A few people have shown interest in running RakNet on the iPhone, and the term appears at least once a day on my “Search Engine Terms” stats column. I initially planned on just putting up a package containing an Xcode project and a few of the RakNet samples, but I’m not sure how this would work with the license agreement. To be safe, I’ve written a general tutorial here instead of posting any of the RakNet source.
One of the common ways to include an external package on Mac is to use a Framework, however this option is not available for the iPhone. This means that there are only really two ways to get RakNet into an iPhone application: compile it directly as part of the project, or link it as an external library.
The first option is definitely the easiest to set up; all you need to do is copy the RakNet files into your project’s source code directory and then include them in the Xcode project as you would any file. This is the route I initially took in my own integration, but I’ve since switched to using a library. I’m not going to cover this method here as it’s pretty straight forward to use, but if you want to use it and have trouble I’m happy to help.
The second option, the library, generally requires that you setup a second Xcode project specifically for building the RakNet library. It also requires that you compile separate versions for the iPhone Simulator and iPhone Device, since they have different CPU architectures. A helpful comment from Paul Solt on an earlier post showed how these two versions can be compiled into a single library; I’ll cover that here as well.
So, onto the tutorial.
The first step is to open up Xcode and create a new project. From the iOS sub group, you’ll want to select “Library”, and then “Cocoa Touch Static Library”, like so:
Go ahead and create the project. I called my “Test” in the screenshots here, but you’ll probably want to go with something along the lines of “RakNetLibrary.”
The next step is to input the source from RakNet into your new project. Right click the “Classes” folder and go to Add > Existing Files…
In the menu that comes up, navigate to the folder containing the RakNet source code. This doesn’t have to be in your project directory, since we’ll tell Xcode to copy the files over. Select all of the files, but don’t include the “cat” folder. This isn’t needed for most RakNet use cases, and does not compile on OS X as of yet.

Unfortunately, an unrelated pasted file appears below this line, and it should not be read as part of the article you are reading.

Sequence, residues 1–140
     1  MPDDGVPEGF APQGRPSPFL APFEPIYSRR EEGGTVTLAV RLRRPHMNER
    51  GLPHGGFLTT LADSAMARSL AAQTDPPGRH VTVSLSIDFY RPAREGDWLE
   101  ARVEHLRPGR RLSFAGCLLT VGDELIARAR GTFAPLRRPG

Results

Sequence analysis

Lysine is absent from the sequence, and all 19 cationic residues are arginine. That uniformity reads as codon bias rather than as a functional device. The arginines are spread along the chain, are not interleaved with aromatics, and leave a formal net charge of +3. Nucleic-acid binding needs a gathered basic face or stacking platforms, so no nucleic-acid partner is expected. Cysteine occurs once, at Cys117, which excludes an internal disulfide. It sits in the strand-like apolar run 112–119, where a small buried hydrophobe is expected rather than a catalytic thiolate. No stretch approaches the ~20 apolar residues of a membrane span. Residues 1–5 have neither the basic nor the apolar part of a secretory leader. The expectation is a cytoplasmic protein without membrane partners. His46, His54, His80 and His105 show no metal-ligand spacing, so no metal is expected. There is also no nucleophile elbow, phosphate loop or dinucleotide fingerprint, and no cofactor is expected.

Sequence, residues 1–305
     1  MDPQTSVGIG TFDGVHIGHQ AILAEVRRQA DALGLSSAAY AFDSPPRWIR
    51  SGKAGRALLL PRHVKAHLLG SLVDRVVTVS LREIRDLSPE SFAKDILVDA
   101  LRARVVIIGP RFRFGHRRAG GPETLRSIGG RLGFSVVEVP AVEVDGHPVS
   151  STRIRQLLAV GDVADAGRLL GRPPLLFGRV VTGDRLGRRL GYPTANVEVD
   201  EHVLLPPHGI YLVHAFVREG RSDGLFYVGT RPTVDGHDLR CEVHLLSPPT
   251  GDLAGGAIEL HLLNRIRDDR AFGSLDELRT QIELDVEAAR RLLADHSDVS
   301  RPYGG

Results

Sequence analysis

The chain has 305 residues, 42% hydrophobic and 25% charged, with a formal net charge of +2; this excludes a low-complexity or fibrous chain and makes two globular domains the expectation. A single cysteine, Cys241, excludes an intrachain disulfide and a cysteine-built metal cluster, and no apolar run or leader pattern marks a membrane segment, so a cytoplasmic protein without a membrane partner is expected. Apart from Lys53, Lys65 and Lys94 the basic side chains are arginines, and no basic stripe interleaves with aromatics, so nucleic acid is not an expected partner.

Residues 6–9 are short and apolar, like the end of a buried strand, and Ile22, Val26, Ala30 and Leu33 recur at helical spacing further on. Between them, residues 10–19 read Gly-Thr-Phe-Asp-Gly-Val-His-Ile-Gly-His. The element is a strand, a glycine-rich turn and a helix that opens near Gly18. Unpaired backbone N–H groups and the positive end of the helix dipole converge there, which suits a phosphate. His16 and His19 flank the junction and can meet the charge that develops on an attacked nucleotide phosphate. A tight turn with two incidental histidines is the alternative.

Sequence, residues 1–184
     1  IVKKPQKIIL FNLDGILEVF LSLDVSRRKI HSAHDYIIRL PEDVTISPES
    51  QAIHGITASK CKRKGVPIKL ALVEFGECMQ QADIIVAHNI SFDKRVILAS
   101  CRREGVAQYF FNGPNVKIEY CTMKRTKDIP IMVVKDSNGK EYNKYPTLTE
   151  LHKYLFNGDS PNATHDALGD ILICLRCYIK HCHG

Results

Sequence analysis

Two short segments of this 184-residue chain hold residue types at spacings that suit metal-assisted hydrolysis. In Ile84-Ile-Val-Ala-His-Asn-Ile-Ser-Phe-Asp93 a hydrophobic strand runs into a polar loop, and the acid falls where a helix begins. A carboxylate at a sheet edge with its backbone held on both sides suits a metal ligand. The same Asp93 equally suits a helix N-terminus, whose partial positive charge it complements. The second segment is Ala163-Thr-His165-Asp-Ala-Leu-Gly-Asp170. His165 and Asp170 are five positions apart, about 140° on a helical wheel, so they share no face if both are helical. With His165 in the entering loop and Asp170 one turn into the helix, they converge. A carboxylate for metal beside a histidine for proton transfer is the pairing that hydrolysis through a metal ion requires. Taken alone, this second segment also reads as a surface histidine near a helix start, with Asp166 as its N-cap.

After selecting the files and clicking “Add”, make sure the window that comes up has the following settings:
At this point, you’re ready to compile. Go to the “Build” item on the toolbar and select “Build” from it, or hit command-B. There are a hundred or so warnings that show up, but these aren’t serious and are just from missing #directives and a macro redefinition. It’s possible they’ve been fixed in builds of RakNet after this tutorial was posted.
A commenter, Richard, has pointed out that with the newer versions of Xcode there’s a problem with one of the compiler settings. The problem occurred for him with Xcode 4.2, but if you have trouble with any version of Xcode 4.0+ you might want to check into this. Richard says:
The problem turned out the be the compiler, for previous versions of the SDK the default compiler is “LLVM GCC 4.2” however for the new SDK I guess the default compiler is “Apple LLVM Compiler 3.0”. For whatever reason Apple LLVM Compiler 3.0, cause the errors and many extra warnings.
You’ll want to set your compiler version to GCC 4.2, which is located in the Project settings. To do this, right click the project, select Get Info and scroll down to the section labeled Compiler Version.
After the build is finished a file named “lib.a” will be created. This file is by default in the build/Debug-iphonesimulator/ folder by default, but will depend on what settings you used to build the project.
At this point the library is useable, however you’ll most likely wanted to compile a Device version as well. The device and simulator versions can be combined into a single universal binary using lipo, a tool included on the Mac. Assuming your device library is _d and your simulator library is _s, you can create a universal binary by running the following in Terminal:
lipo -create libTest_d.a libTest_s.a -output libTest_u.a
At this point, the library will be useable for any iOS development you do, whether it be on the simulator or device.
To include the library in an iPhone project, I generally add it to the “Frameworks” folder along with the other Cocoa frameworks. Right click that folder and select Add>Existing Items in the same fashion that you did for the RakNet source files. Since the file is only a library and does not contain any header information, you’ll also need to add references to the RakNet header files. This can be done by adding the RakNet source folder to the header search paths. Right click on the project, and select Get Info. From there, scroll down to the “Search Paths” section and double click the Header Search Paths entry:
Add the folder that contains your RakNet source code to the list, which is most likely empty on a new project. This should be all you need to get going with RakNet!
Since this post has become rather long, I’m going to do a second one tomorrow with some examples of how to actually use RakNet to set up a simple chat client app for the iPhone that can communicate with the RakNet Chat Server example.